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Biographical entry Sinclair, Neil Frederick (1885 - 1950)

MRCS 30 July 1908; FRCS 10 June 1920; LRCP 1908; FRCS Edinburgh 1916.

Bluefield, Jamaica
14 November 1950
General surgeon


Born at Shafton, Bluefield, Jamaica, in 1885, the eldest son of Frederick Archibald Sinclair, MB Edinburgh 1882, and his wife. He came to England at the age of sixteen, and made his own way while completing his education. At the London Hospital, which he entered in 1903, he won the Anderson and dressers' prizes. After qualifying in 1908 he served as house physician, and as house surgeon to Sir Frederick Eve and Percy Furnivall. He was also receiving room officer and resident accoucheur and was elected president of the residents' mess. In the first world war he served in France, and was promoted captain, RAMC on 1 December 1918. He was very popular, and became familiarly known as Bulgie. In 1916 he took the Edinburgh Fellowship.

After the war he was appointed surgical registrar at the West London Hospital, with which he thenceforward largely identified his career. He became assistant surgeon in 1919, surgeon in 1930, and senior surgeon in 1936. He was dean of the Hospital's Postgraduate School, and continued as lecturer on surgery after the School was opened to undergraduates. He was a great teacher, preferring the conversational bedside lesson to the formal lecture. He served on the Court of Examiners of the College from 1943 to 1946. Sinclair was also senior surgeon to the King George Hospital at Ilford, where he was appointed surgeon in 1933. He was at one time surgeon to the Evelina Hospital for Children, and later consulting surgeon to the Kensington Children's Hospital. He was also consulting surgeon to Chiswick, Northwood, Twickenham, and Brentford Hospitals. He was an active member of the West London Medico-Chirurgical Society and filled the offices of secretary and president; he was also secretary of the Medical Society of London.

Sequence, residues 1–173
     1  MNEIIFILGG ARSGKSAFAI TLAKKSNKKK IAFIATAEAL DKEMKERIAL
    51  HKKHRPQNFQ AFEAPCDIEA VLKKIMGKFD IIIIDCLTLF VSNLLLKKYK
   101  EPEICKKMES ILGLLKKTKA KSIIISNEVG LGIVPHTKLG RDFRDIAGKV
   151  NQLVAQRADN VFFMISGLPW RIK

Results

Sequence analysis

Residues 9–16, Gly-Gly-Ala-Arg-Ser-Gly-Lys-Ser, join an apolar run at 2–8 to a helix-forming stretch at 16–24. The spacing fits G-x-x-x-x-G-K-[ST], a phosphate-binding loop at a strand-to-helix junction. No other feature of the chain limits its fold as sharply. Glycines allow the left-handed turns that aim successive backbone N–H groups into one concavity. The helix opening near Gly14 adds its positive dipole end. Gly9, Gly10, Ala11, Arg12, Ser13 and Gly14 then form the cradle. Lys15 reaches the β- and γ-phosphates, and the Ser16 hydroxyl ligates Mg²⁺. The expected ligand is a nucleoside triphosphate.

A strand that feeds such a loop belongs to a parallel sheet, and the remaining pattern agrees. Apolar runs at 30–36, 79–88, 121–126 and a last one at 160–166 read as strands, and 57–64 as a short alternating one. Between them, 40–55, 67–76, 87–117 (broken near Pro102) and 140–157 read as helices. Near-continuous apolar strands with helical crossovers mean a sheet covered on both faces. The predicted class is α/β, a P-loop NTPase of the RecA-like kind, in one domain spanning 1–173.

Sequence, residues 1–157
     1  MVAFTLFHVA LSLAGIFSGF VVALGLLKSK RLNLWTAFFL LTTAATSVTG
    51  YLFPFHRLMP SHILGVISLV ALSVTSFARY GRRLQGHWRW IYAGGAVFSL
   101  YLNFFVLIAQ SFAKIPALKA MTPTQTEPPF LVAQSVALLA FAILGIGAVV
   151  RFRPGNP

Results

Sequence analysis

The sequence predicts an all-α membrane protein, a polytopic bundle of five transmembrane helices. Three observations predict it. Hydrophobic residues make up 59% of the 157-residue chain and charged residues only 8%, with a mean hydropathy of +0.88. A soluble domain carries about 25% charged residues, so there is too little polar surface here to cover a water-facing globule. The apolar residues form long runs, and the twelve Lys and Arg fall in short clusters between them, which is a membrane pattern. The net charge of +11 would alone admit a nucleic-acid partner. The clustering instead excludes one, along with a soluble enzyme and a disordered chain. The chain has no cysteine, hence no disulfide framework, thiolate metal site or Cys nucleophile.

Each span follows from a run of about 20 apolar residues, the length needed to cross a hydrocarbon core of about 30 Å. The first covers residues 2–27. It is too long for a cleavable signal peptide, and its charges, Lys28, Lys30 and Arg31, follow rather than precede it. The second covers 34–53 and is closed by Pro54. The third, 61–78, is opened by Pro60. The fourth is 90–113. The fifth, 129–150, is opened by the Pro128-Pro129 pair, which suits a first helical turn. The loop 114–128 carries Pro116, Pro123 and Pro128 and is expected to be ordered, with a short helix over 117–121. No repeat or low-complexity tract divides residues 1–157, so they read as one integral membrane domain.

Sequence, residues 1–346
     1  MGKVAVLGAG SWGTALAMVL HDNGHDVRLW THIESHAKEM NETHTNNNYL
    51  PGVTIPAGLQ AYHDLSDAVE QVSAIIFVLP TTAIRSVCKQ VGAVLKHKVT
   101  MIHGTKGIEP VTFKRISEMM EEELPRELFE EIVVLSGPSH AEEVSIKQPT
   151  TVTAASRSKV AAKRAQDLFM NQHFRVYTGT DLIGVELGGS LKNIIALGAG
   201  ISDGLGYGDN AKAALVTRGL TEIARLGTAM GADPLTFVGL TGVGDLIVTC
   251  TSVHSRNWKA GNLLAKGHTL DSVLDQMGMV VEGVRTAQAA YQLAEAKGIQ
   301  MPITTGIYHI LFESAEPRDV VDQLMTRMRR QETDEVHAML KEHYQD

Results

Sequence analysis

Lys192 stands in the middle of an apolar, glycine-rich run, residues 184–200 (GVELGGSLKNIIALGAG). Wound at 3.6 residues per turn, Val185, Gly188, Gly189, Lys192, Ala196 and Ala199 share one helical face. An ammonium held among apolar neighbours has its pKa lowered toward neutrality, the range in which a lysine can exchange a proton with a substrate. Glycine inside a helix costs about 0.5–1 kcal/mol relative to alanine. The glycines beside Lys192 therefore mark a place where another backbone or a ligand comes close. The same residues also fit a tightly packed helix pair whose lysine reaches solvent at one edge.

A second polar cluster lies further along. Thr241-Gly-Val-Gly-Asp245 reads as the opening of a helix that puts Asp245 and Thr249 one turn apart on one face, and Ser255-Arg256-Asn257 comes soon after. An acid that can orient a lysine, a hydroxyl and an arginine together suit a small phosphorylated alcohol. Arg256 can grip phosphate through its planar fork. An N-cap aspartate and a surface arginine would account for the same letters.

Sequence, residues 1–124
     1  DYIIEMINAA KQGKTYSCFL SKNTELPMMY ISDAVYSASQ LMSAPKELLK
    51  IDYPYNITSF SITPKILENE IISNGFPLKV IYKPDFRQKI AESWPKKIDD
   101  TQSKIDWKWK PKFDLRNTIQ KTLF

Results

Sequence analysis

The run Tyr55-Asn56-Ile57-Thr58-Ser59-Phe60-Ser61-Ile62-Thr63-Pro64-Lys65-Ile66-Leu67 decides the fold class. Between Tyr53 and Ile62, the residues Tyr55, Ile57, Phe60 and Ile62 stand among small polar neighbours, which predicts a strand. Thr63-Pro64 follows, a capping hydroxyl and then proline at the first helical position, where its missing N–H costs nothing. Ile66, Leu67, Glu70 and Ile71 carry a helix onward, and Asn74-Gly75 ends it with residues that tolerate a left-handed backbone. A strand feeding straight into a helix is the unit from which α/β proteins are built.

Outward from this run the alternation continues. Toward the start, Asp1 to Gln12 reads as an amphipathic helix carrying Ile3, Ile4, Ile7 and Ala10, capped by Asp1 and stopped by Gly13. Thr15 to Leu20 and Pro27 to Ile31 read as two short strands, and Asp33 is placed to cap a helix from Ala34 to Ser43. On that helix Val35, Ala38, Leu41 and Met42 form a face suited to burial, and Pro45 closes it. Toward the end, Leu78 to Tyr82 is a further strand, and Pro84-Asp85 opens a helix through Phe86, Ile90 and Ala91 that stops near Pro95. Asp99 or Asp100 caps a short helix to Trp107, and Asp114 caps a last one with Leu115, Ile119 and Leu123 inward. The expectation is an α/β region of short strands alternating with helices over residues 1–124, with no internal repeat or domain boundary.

He practised at 116 Harley Street, and later lived at 14 Upper Harley Street. Here he died peacefully on 14 November 1950, aged 65, survived by his wife, their daughter, and their son, a medical student at the London Hospital. Sinclair was a friendly, robust figure. He was always unhurried and often unpunctual, willingly expending his time for patients or colleagues, regardless of appointments. He was especially interested in the surgery of the thyroid and of the upper abdomen.

Stovaine spinal anaesthesia. W Lond med J 1932, 37, 33.
A case of diffuse polyposis of the stomach. Brit J Surg 1933, 20, 645.
Gastric neoplasms and their treatment. Mod Treat Yearb 1946.

Sources used to compile this entry: [Lancet, 1950, 2, 655, with portrait; Brit med J 1950, 2, 1227, with appreciations by A M A Moore, FRCS, G P Grant Batchelor, FRCS, and P H P].

The Royal College of Surgeons of England